“What the world needs now, is love, sweet love” - Hal David
“All you need is love, love is all you need.” - John Lennon
“God is love” - John the beloved disciple
We live in a world obsessed by love.
Love songs make up the majority of the music we listen to. Love stories make up the bulk of movies we watch and the books we read. Lost love, unrequited love, puppy love: love is in the air! But people are looking for love in all the wrong places.
Those of you following these comments of mine for the past couple of weeks will have noticed that I have been working backward through the first three fruits of the Spirit as outlined by Paul in his letter to the Galatians chapter 5.
So this week you might expect me to launch into the obligatory “there are several words in Greek which all translate to “love” in English”. Nope! If you didn’t know that before, Google is your friend. Just type “agape love” and read several thousand words of explanation! No, this time I’d like to go in a radically different direction and launch into mathematics! Yeah! - tidings of comfort and joy!
By the way, if you are my mathematically inclined friend, please identify yourself as I have been searching for you, lo these many years! At the risk of losing you at this point, dear reader, I promise - no algebra, no geometry or trigonometry is involved, and I will use, at most, three greek letters!
Most of you will be familiar with the concept of an equation.
An equation is just a useful little formula which lets you calculate something you need to know - like the area of a circular ceiling you’d like to paint.
(Hint: A = π r r, where “A” is the area, “π” is a funny never-ending number which is approximately 22 divided by 7, and “r” is the distance from the center of the circle to its edge. I’ve just used one of my allotted greek letters!) An equation describes the relationship between the quantities involved, the bigger the distance from the center to the edge, the more area you'll have and the more paint you will need.
The other concept is much stronger than an equation and is called an “identity”. In an equation you have to say what the boundaries and limitations of the measurements are. But in an identity the statement is always true - no matter what the behavior of the things being measured is. You can always substitute one side of the relationship for the other and it will still remain true!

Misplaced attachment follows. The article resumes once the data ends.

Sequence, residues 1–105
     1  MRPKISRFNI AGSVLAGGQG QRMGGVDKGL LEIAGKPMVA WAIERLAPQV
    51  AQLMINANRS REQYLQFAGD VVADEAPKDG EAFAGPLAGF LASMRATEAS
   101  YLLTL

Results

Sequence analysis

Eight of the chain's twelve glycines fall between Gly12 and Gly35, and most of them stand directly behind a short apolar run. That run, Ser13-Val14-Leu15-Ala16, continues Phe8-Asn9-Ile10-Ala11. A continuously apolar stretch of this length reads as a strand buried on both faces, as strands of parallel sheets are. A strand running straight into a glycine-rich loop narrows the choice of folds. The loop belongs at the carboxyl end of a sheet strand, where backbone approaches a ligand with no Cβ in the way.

Trust me, there is a point here.
John the beloved disciple gives us an identity for love. "God is love" (1 John 4:8).
So, anytime you want to say something about “God", you can substitute “love” and have an identically true statement.
Try it! “For LOVE so loved the world, that LOVE gave his only begotten son…”. “In the beginning, LOVE created the heavens and the earth…”.
It works the other way round too - it has to, or it wouldn’t be an identity. “This is my commandment, that you [show] GOD (love) to one another, just as I have [shown] GOD (loved) to you.” John 15:12 So when Paul lists the fruits of the spirit in Galatians, he begins with “love” or “GOD”.
Yeah, yeah!, it has to be the agape kind of love. In case you missed that part of the story, see the Google instructions above.
So what Paul is saying is that when we are transformed into new beings by faith in Jesus, the first thing you [should]/will observe is that you will show the dominant characteristic of GOD which is, love. Love (GOD) leads to joy and joy leads to peace. It seems so obvious when Paul makes his list like that!
However, I did promise you two more greek letters.
John the beloved gives them to us in his Revelation (Rev 1:8). There GOD says, “I am the Alpha and the Omega”. That’s like saying “from A to Z” in our alphabet - the beginning and the end (and everything in between).
So using the identity for GOD - thanks John! - we can say that “love is the beginning, and the end, and everything in between”.
Maybe John Lennon was more correct than he ever could have imagined. Unfortunately it seems he was still looking for love in all the wrong places!
I trust you won’t make that kind of mistake!